Online Resources for PTSD
- KidsHealth By Nemours
- National Child Traumatic Stress Network
- Child Mind Institute
- Anxiety and Depression Association of America
- American Academy of Child and Adolescent Psychiatry
When a person thinks of post-traumatic stress disorder (PTSD), they are likely to think of a veteran of the armed forces, a first responder or an adult victim of a car accident, domestic violence or terrorist attack. However, children can also have PTSD. Parents of children with PTSD can check out these five useful resources on treatment options, how to help the child at home, how to explain the condition to others and how treatment and symptoms might change as a child goes through their teenage years and enters young adulthood.
KidsHealth By Nemours
The KidsHealth website by Nemours offers a wide range of information about health conditions that affect children of all ages. Their section about PTSD in children includes pages for adults as well as pages for children to read. The resource section for adults includes an introduction, list of causes and information about symptoms. The pages include tips on how parents can help children. There is also a section for educators, and those resources could also be useful to parents.
National Child Traumatic Stress Network
The National Child Traumatic Stress Network offers information for parents, adoptive families, foster parents, guardians, grandparents and other caregivers of children with PTSD. Their website breaks down the information by the age of the child, and it ranges from toddler to young adult. There are also resources for different types of trauma. For example, their website breaks out topics such as community violence, natural disasters and physical abuse. The fact sheets and information are available in multiple languages.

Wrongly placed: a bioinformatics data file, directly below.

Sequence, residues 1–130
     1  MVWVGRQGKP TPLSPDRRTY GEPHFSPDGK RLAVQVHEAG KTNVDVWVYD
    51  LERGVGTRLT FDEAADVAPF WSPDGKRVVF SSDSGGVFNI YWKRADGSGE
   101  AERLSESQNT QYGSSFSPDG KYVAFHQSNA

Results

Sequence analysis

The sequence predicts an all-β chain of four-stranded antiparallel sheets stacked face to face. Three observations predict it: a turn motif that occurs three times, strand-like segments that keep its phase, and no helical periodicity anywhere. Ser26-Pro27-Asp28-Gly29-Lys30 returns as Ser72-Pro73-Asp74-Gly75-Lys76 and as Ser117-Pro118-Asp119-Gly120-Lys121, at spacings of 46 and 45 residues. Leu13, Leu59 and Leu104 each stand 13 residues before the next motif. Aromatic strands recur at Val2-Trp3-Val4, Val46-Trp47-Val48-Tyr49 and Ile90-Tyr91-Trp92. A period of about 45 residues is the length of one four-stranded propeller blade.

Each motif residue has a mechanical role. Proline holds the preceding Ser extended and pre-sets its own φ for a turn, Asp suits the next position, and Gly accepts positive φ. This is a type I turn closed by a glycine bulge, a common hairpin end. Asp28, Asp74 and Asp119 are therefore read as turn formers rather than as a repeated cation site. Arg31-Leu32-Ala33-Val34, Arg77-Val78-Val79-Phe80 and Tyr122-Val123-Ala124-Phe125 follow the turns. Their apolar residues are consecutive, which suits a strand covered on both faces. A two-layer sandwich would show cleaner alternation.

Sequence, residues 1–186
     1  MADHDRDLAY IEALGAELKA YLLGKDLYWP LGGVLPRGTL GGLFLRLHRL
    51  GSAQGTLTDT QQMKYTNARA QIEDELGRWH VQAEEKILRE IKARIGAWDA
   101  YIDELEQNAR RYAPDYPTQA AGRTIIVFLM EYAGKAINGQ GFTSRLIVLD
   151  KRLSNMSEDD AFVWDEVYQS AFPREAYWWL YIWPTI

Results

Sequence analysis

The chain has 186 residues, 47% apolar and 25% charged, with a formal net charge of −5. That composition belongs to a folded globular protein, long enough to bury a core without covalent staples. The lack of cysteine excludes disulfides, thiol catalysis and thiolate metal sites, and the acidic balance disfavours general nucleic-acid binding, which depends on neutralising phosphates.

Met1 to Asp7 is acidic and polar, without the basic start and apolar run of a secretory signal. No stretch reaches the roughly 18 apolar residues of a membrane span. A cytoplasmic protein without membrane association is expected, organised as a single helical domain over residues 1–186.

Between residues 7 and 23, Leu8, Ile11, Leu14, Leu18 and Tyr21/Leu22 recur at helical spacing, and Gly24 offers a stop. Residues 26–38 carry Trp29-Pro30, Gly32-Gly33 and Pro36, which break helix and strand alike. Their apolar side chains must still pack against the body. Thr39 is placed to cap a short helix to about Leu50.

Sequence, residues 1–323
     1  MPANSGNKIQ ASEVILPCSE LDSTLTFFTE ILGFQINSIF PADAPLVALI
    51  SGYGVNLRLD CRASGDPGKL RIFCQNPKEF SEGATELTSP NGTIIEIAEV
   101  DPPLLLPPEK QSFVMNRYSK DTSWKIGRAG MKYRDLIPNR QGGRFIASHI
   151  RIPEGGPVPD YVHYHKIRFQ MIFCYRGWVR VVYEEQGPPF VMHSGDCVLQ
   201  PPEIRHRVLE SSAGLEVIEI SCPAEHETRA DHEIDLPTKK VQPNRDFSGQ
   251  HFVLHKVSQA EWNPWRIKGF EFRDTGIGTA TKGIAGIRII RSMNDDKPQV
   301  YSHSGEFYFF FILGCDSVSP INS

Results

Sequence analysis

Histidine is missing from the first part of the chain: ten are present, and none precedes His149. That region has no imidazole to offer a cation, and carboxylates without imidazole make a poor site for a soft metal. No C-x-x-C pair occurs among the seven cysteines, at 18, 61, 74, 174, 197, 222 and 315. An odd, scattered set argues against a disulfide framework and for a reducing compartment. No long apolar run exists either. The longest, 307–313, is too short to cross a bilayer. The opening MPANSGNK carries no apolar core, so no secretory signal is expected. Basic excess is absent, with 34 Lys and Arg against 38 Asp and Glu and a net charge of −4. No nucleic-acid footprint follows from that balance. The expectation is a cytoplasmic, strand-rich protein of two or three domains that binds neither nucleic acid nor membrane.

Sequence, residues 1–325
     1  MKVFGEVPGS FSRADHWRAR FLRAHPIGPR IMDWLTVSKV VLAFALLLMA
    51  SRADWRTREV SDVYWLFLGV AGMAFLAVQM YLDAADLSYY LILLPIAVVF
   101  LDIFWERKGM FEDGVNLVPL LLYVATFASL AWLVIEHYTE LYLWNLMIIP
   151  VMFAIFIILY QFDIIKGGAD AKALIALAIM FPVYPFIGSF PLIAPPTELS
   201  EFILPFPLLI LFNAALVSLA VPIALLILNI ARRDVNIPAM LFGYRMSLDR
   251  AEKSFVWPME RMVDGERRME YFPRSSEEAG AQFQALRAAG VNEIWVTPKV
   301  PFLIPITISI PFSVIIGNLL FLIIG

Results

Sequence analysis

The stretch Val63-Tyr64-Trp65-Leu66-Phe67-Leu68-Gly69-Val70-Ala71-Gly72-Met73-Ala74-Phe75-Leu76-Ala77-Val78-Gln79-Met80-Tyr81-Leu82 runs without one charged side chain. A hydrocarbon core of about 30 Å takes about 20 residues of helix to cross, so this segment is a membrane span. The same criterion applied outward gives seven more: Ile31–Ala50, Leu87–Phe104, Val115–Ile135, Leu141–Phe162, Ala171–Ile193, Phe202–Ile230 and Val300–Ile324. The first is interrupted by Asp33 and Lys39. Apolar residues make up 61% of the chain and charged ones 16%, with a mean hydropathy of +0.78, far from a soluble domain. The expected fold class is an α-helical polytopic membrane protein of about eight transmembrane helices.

Child Mind Institute
The Child Mind Institute is a website dedicated to the mental health and well-being of children. On their site, parents and families can access information about what PTSD is, how it can manifest in a child, the risk factors for PTSD, how PTSD is diagnosed in a child and the treatment options for the condition. The site also has a section for educators. In the PTSD section, there are links to related mental health conditions, including acute stress and how to break bad news to a child who already has PTSD.
Anxiety and Depression Association of America
The Anxiety and Depression Association of America website offers a full set of resources for parents of children with PTSD. A unique feature of this site is that it explains how PTSD may mask other mental health conditions that a child may develop as a result of what caused their PTSD. For example, a child with PTSD may also become clinically depressed, or they may develop an anger disorder. The Anxiety and Depression Association of America website also has a section on how PTSD is diagnosed in children under the age of six.
American Academy of Child and Adolescent Psychiatry
The American Academy of Child and Adolescent Psychiatry is a more academic online resource. It offers links to research and medical developments for treating children with PTSD. Parents can also use their online directory to find providers who specialize in caring for children with PTSD. It also includes how PTSD is diagnosed and treated. Other conditions can be co-morbid with PTSD, and there are links to those pages.
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Parents, families and caregivers of children wit PTSD may also want to ask their counseling or mental health professional for additional online resources to local places that offer services to these youngsters. It is also a good idea for educators to be familiar with these resources, because children spend six to eight hours per day in the school environment. Each of these five online resources for caregivers, guardians, families and parents of children with PTSD can be helpful, especially outside of a counselor’s typical business hours.